Most of us have endured “death by PowerPoint,” a 10-paragraph email or an interminable report. Many of them bury the key point(s) deep in the text, resulting in the writer’s message being lost. Other times we get simple, straightforward presentations, reports, and emails.
Let’s face it: Many leaders in public safety came up through the ranks. We started as firefighters, police officers, sheriff’s deputies, corrections officers and in other positions. Lots of us learned leadership by watching those who lead, with little formal training. And though most of us don’t have much in the way of classroom education on business communications, it’s now a big part of what we do, day in and day out.
As a leader and communicator, if you want to ensure your critical point(s) reach the reader, you should consider moving the conclusion or the necessary action to the beginning of the document. One way to do this is to “BLUF” your way through your communications.
What is the BLUF method? It is a style or format of writing that puts the most essential information at the beginning of the document. The acronym stands for Bottom Line Up Front. When a reader looks at your document or email, the BLUF answers the question of “How does this document affect me?” without requiring them to wade through the entire thing. The BLUF should answer the five Ws: who, what, where, when, and why.
The BLUF method has its origins in the U.S. military, where clear and concise communications can be life and death matters. Because of this, it’s a perfect paradigm for messages relating to public safety.
The BLUF is like an elevator speech; it needs to be a quick summary of your point or request. Most leaders do not have the time to listen to or read a long backstory before you get to the salient point.
BLUF writing is best used when you need to convey information quickly and clearly. Email is a great place to use the BLUF method. It helps to ensure the message is communicated clearly and the recipient can quickly understand the purpose of the mail.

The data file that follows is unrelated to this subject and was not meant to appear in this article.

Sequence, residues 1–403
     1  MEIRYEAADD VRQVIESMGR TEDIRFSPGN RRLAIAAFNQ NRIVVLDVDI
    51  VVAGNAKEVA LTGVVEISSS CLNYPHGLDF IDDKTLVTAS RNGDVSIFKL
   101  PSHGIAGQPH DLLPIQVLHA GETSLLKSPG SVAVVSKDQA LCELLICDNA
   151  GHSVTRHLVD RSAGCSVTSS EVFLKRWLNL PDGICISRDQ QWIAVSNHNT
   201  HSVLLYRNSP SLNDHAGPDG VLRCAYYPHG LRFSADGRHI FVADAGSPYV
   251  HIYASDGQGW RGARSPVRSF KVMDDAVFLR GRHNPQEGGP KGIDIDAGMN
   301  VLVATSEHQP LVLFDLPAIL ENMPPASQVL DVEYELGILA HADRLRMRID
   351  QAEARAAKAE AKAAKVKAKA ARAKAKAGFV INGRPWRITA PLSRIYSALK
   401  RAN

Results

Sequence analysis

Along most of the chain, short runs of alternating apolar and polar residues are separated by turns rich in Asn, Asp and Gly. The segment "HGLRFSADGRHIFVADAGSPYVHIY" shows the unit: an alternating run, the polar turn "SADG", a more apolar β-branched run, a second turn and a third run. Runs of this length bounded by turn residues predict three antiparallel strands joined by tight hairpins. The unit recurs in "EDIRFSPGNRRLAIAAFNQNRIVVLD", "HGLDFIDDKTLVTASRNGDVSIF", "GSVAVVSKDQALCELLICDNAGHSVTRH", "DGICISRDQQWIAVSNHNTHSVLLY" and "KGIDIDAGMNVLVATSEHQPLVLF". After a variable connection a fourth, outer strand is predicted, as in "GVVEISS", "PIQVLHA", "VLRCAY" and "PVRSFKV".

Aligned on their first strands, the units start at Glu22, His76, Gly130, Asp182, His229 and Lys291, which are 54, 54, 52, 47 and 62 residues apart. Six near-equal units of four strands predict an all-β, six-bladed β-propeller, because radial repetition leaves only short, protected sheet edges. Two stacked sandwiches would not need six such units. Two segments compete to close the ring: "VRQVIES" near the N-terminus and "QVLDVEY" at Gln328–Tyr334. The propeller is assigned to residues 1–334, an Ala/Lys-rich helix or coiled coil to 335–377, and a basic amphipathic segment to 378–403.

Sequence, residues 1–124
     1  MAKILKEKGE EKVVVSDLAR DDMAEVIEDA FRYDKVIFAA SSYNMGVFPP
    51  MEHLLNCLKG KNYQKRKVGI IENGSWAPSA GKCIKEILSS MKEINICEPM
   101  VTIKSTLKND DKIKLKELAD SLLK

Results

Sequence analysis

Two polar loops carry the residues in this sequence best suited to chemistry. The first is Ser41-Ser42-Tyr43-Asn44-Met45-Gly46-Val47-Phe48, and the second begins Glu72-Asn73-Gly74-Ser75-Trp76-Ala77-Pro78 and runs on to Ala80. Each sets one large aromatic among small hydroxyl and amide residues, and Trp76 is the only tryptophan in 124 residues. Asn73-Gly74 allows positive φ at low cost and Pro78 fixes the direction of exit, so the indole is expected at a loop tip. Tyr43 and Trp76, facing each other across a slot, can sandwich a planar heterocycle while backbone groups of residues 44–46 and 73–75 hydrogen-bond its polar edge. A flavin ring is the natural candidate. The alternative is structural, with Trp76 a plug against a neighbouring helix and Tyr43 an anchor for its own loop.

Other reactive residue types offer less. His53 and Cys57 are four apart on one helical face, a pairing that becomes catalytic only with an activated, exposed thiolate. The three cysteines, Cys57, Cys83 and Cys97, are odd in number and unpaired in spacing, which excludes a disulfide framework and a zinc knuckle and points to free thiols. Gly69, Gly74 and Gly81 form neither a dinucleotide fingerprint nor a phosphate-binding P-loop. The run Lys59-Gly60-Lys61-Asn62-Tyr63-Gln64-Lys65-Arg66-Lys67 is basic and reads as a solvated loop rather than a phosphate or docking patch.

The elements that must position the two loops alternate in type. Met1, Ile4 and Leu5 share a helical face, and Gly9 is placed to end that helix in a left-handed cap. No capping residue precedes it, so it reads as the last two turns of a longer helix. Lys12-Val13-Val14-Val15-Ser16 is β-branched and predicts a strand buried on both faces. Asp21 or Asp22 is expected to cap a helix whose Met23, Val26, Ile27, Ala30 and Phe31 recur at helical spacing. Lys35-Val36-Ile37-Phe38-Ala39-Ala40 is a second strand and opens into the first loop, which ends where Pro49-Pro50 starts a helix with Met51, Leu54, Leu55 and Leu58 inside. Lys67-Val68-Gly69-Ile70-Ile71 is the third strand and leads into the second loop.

The best place to start is the subject line. At a minimum, the subject line should be clear about whether you are asking for action or simply supplying information. The idea is that, even if they don’t open the message, they can get the gist of what you’re trying to tell them simply by scanning the subject line.
Using the BLUF method in a briefing or presentation focuses the audience’s attention on the message while supplying supporting details as needed. Whether you are a company officer briefing your crew or a chief making a presentation to the governing body, using BLUF will improve delivery of your message.
When drafting reports and executive summaries about complex issues, BLUF is useful for presenting important findings and recommendations at the beginning so the reader can quickly understand the most essential information. BLUF, however, is not a one-size-fits-all method of writing.
The Downside of BLUF
There are drawbacks to the BLUF method that can make your communication less effective. If your report is disorganized, the reader can have difficulties following your train of thought or reasoning. The writer should be aware that the BLUF method may not supply enough information or context for the reader when brevity sacrifices vital details critical to understanding the message.
As with any communication, knowing your audience is key to success. Sometimes, getting to the point up front may turn off the audience because they expect a buildup of information before getting to the bottom line.
BLUF to Success
The most important requirements of using BLUF are the main point at the beginning of the document and using the active voice (e.g., “You must use your personal days by the end of the year” versus “Personal days must be used by the end of the year.”) There are five simple guidelines to follow when using the BLUF method:
- Start with a clear and concise statement of your main point.
- Use simple and straightforward language.
- Avoid using jargon and unnecessary information.
- Use bullet points or headings to enable the reader to scan and digest the information.
- Edit, edit, edit. Always proofread and edit your document. There are no perfect first drafts.
Mark Twain famously said, “I didn’t have time to write a short letter, so I wrote a long one instead.” Sometimes, brevity takes extra effort, but it’s almost always worth it. People who work in public safety have little enough time for reading and responding to emails; putting your primary message up front helps both them and you. While the BLUF method may require a little more time and work, using it will help ensure your message gets across concisely and effectively.